> arrive without design from God, just that somehow it was "installed" in the
    > creation at initial Time.

    Once again, problems arise because of the confusion in the meaning of the
    word "design." I would say that the potentiality for a bacterial flagellum
    and all of the creaturely resources and capabilities needed for its
    actualization in time were both conceptualized by God and included in the
    character of the creation from the outset.

    > Why does the ID argument necessitate anything
    > other than Design (Vs. timing of design implementation?) If freedom were
    > allowed for timing of design implementation would you be more satisfied?

    Once again, problems arise because of the confusion in the meaning of the
    word "design." Is it a mind-like act of intentional conceptualization, or a
    hand-like act of imposing form?

    > --It seems to me that the basic difference with naturalistic theism is the
    > question of design implementation. Or is the fully-gifted creation not
    > designed?

    Once again, problems arise because of the confusion in the meaning of the
    word "design." See previous comments on this. The theme should be clear by
    now.

    <skip a bit>

    > ,,, to quote an extremely insightful passage from your essay in "Three
    > Views"
    >
    > "žDoes the universe contain the Žright stuffŪ for making full evolutionary
    > development possible, or are certain key capabilities lacking? The first
    > thing to remind ourselves of is that it is humanly impossible to prove, in
    > the strict logical sense, either a yes or no answer... We will have to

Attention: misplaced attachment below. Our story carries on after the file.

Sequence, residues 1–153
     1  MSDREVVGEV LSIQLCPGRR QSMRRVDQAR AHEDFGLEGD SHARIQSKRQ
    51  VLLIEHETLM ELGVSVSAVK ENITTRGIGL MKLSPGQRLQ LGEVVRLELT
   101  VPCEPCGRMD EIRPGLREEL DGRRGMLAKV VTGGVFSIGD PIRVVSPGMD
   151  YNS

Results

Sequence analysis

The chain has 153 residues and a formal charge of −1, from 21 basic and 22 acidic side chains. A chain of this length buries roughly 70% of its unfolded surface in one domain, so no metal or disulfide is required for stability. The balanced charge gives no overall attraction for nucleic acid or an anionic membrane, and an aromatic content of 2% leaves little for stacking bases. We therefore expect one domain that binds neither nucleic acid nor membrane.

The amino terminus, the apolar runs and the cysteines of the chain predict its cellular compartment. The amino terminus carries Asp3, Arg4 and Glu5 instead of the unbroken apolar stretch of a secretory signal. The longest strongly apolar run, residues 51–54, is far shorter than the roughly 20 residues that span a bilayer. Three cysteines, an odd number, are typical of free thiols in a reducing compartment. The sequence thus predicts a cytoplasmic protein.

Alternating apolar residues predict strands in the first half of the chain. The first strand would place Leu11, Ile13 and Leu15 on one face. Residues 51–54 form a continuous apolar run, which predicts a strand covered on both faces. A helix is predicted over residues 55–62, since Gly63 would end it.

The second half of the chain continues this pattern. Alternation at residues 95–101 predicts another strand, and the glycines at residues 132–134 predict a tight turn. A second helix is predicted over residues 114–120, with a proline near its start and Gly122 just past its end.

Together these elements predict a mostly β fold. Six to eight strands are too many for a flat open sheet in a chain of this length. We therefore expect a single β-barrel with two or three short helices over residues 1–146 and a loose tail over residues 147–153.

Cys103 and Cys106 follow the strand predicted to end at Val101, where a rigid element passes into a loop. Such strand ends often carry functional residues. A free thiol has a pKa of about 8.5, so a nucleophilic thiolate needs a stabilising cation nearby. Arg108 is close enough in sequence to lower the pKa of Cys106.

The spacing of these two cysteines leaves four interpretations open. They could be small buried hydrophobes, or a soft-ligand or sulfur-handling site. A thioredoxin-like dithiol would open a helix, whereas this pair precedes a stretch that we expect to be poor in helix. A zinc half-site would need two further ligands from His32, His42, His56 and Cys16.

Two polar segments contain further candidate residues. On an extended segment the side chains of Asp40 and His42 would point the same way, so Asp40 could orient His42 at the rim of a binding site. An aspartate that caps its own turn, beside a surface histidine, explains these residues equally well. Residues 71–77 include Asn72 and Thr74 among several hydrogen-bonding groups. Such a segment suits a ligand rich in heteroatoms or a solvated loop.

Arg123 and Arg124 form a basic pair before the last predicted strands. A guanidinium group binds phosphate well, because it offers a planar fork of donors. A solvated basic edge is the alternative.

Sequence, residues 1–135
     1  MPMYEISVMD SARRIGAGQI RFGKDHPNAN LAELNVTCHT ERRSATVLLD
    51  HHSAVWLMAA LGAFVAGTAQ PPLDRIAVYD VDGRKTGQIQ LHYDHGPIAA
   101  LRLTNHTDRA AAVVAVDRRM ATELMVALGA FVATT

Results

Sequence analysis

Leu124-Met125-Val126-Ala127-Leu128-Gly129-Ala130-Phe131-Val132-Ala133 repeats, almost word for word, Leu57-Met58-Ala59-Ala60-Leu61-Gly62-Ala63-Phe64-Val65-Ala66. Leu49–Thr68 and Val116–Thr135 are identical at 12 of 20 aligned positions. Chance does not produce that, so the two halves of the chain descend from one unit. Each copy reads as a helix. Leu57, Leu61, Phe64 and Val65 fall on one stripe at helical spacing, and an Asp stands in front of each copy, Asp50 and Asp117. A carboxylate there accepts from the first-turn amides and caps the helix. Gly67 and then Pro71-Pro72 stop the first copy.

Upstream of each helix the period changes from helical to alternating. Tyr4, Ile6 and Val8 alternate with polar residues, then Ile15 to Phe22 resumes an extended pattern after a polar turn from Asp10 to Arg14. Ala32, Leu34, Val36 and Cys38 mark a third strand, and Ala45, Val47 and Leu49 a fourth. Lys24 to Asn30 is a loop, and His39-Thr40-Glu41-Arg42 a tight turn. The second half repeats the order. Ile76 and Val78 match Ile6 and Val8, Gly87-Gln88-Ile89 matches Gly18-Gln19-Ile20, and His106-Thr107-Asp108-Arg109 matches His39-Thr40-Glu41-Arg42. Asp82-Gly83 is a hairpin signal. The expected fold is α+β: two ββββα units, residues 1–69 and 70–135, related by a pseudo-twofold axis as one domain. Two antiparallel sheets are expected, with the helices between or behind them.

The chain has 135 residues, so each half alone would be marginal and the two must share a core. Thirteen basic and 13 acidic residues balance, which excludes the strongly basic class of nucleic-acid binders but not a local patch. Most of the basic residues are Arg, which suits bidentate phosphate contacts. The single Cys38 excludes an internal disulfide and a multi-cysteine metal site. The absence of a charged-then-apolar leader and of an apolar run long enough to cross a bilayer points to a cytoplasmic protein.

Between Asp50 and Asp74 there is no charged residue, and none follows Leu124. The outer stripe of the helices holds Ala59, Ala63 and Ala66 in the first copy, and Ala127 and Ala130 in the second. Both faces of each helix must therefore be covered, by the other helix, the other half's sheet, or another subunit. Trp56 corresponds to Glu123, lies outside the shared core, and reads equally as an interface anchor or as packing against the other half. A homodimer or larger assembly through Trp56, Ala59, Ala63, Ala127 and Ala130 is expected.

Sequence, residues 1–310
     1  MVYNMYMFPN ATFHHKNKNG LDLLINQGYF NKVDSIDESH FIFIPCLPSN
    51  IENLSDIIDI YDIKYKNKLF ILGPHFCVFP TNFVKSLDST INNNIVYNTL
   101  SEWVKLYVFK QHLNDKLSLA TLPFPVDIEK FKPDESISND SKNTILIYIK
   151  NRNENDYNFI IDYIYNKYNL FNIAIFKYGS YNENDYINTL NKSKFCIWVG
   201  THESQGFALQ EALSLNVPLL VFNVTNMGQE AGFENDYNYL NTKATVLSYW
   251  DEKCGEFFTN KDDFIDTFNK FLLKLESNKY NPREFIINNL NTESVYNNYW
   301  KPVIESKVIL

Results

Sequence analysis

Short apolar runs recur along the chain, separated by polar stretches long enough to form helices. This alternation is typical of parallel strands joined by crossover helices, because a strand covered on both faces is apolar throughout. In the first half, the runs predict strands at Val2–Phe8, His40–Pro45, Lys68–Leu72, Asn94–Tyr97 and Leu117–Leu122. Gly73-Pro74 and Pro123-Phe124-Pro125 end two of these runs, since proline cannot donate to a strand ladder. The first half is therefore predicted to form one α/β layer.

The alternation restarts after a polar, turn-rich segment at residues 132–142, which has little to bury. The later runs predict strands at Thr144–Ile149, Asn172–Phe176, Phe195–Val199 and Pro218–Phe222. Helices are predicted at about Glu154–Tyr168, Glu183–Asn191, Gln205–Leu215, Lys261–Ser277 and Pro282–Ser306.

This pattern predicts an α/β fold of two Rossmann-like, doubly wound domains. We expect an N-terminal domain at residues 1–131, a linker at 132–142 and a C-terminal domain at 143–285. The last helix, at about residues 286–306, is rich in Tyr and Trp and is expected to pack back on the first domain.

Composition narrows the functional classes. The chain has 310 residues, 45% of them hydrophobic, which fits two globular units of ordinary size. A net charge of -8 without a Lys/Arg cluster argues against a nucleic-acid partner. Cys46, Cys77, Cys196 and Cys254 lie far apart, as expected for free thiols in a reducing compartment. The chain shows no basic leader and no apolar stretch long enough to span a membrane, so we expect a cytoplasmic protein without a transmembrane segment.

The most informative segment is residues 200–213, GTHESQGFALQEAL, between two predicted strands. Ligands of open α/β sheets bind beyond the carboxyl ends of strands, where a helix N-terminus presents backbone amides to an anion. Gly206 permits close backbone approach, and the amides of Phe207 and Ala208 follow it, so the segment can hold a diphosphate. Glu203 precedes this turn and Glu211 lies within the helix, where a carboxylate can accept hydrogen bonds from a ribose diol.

> settle for an informed judgement. (p.193)"
    >
    > Until then it would appear that their informed judgement simply differs from
    > yours.

    Yes, I think that's a fair way to state it. That's why I have tried to be
    candid in stating my position as an informed judgment

    One of my long-standing requests is the ID advocates follow the same
    practice and avoid the repetition of overblown claims of having generated an
    airtight "proof" that there are extant "natural" objects that had to be
    formed by the non-natural action called "intelligent design"
    (form-conferring intervention by an unidentified and unembodied
    choice-making agent).

    <skip a bit>

    > (HVT statement) "I am happy to have them (ID advocates) make their cases with
    >due respect for the
    > difference between proof and tentative conclusion. I am, however, nauseously
    > weary of their frequent claims to have irrefutable and final proof that
    > something could not possibly have been assembled without the aid of
    > form-conferring intervention by an unnamed and unembodied choice-making
    > agent (without that agent being divine or in the business of performing
    > miracles). The religious motivation of most ID advocates is well known. In
    > that context, gross overstatements of certainty and proof serve only to
    > amplify the judgment by anti-religious critics that the rhetoric of
    > religious folk is mostly balderdash. If ID claims were presented with the